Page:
In Pinkerton Tobacco Company, LP v. Department of Revenue, KBTA, File No. K11-R- 20, Order No. K-23033, (March 27, 2013), the Kentucky Board of Tax Appeals’ (“Board”) held that Pinkerton Tobacco Company, LP (“Pinkerton”) was entitled to an exemption from state tangible personal property tax on inventory-in-transit even though the inventory had been sold to Swedish Match North America, Inc. (“Swedish Match”), Pinkerton’s parent company, at the time of out-of-state shipment of the inventory.
The Board noted that the case involved a single issue – whether inventory stored in a Kentucky warehouse qualified for the state property tax exemption for inventory-in-transit set forth in KRS 132.097, which provides an exemption for personal property “placed in a warehouse or distribution center for the purpose of subsequent shipment to an out-of-state destination. Personal property shall be deemed to be held for shipment to an out-of-state destination if the owner can reasonably demonstrate that the personal property will be shipped out-of-state within the next six (6) months.”
Pinkerton manufactures tobacco products, including loose leaf tobacco, pipe tobacco and snuff in Kentucky, and stores the products on-site until sold to Swedish Match, the only buyer. The undisputed evidence at the Board hearing indicated that Swedish Match then sold 93% of the tobacco to customers located outside Kentucky. The evidence also indicated that either Pinkerton or Swedish Match made arrangements with a third-party common carrier to deliver the goods to out-of-state customers. There was also undisputed evidence presented at the hearing indicating the tobacco had to be shipped to customers within six months of manufacture in order to be “fresh.”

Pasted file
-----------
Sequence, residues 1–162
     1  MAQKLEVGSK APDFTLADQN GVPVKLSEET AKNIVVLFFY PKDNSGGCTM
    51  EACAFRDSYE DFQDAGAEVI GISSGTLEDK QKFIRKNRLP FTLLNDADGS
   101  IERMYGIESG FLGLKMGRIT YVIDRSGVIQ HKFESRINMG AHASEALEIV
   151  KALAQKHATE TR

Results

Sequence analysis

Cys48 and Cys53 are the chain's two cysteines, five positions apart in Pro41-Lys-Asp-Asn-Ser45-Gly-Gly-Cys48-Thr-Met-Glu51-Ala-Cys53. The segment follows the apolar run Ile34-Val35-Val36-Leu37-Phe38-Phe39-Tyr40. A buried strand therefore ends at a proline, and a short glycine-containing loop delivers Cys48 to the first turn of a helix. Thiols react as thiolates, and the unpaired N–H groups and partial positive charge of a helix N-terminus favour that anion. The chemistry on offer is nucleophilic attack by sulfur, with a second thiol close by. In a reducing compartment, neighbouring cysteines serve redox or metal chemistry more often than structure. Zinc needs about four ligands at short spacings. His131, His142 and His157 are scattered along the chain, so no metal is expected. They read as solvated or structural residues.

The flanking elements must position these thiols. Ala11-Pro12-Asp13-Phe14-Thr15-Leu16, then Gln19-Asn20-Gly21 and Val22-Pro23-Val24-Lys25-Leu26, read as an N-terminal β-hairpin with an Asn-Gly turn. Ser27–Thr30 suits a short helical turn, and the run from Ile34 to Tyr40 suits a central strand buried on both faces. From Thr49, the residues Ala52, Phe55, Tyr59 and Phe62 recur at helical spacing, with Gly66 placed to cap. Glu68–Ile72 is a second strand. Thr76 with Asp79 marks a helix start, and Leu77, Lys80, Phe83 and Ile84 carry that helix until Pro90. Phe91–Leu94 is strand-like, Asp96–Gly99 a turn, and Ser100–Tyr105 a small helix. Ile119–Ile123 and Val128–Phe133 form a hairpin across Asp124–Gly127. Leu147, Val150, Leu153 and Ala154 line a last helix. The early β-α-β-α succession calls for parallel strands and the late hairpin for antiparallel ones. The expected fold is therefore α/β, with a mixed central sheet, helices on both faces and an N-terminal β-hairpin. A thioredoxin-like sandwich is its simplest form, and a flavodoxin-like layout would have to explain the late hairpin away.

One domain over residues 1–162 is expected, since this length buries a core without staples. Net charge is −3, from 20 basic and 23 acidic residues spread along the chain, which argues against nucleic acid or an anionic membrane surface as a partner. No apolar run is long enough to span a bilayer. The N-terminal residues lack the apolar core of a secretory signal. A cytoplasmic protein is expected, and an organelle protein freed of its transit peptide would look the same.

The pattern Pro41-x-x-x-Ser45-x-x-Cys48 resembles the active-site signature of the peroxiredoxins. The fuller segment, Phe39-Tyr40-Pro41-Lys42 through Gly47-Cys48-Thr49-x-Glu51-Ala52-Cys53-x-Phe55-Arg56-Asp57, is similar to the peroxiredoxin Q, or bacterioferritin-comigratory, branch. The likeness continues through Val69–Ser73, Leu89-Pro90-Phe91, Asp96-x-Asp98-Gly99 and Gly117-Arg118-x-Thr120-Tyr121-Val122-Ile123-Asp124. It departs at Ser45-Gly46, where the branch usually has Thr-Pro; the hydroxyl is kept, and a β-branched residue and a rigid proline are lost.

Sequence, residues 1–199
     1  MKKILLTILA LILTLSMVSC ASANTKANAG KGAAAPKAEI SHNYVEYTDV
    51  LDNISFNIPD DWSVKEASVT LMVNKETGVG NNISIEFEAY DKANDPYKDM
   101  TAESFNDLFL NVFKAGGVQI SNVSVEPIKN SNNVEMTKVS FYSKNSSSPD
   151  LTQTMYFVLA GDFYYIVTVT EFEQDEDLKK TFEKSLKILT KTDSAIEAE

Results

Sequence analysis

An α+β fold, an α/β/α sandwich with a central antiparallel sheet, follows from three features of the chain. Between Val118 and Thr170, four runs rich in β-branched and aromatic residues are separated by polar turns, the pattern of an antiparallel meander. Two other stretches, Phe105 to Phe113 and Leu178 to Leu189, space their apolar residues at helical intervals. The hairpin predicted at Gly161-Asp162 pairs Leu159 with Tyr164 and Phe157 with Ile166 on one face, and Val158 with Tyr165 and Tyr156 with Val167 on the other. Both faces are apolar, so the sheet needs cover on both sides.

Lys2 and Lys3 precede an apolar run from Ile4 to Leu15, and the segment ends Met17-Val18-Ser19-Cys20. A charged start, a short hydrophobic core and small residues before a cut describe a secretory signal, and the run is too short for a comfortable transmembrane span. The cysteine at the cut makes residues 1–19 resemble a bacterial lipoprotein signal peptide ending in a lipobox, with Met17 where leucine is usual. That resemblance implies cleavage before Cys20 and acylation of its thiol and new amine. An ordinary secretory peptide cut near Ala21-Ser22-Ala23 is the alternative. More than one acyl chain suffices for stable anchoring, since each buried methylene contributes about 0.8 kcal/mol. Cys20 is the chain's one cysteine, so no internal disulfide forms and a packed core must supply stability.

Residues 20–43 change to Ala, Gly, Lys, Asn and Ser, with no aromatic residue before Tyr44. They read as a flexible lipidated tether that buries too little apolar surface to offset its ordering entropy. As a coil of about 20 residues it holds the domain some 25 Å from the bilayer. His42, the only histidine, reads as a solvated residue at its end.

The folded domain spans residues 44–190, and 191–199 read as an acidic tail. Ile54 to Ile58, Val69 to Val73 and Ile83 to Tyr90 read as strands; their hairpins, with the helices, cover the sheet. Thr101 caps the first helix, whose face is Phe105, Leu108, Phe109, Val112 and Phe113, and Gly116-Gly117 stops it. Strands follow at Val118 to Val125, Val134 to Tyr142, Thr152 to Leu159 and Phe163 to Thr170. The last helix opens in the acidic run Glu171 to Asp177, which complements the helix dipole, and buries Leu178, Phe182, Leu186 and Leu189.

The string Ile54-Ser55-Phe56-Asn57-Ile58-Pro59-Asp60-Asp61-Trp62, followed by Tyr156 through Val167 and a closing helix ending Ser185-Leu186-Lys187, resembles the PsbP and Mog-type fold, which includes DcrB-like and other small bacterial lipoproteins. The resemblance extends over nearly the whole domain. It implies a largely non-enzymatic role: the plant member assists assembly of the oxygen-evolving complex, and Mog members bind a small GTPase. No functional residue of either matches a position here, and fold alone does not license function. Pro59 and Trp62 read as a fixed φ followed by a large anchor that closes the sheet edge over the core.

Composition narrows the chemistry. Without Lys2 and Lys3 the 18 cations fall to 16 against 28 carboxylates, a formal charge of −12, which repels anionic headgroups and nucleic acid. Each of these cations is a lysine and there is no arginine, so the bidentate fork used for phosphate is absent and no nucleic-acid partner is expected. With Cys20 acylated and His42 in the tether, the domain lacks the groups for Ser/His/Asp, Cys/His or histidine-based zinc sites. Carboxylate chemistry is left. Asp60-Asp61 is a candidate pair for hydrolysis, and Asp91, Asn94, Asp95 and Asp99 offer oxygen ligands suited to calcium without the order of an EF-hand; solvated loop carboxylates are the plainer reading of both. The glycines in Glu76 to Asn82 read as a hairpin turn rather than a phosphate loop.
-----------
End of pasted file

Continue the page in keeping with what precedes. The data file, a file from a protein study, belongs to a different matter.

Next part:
The Department of Revenue’s (“Department”) position was that because Pinkerton was the owner of the tobacco on the assessment date of January 1 it was subject to the tax. It also argued that Pinkerton could not qualify for the exemption once it sold the tobacco to Swedish Match since Pinkerton was no longer the owner of the goods and therefore could not “reasonably demonstrate that the personal property will be shipped out-of-state within the next six months,” as required by KRS 132.097. Pinkerton argued that the plain language of the statute was met, and there was no requirement that the taxpayer own the property at the time of shipment out-ofstate.
The Board rejected the Department’s argument and held that KRS 132.097 “is neither ambiguous nor unclear, and must be given its plain meaning.” The Board further stated: “As the Supreme Court most recently stated, ‘[w]here the words of the statute are clear and unambiguous and express the legislative intent, there is no room for construction or interpretation and the statute must be given its effect as written.’ Kentucky Unemployment Commission v. Diana Cecil, 381 S.W.3d 238 (Ky. 2012). The Board held that KRS 132.097 does not require the outof- state sale to take place in any particular manner, does not require the sales to be first consummated in Kentucky before the goods are shipped out-of-state, and does not require that the owner of the goods ship them out-of-state.
The Board noted that the Department did not dispute that the property was shipped out of Kentucky within six months of manufacture, and appeared to have created a non-rebuttable presumption that intervening sales automatically disqualify taxpayers from claiming the exemption. The Board concluded that the Department’s denial of the exemption to Pinkerton was not supported by the law or the evidence of record, and that Pinkerton had reasonably demonstrated that the tobacco was shipped out-of-state within six months of manufacture, as required by KRS 132.097.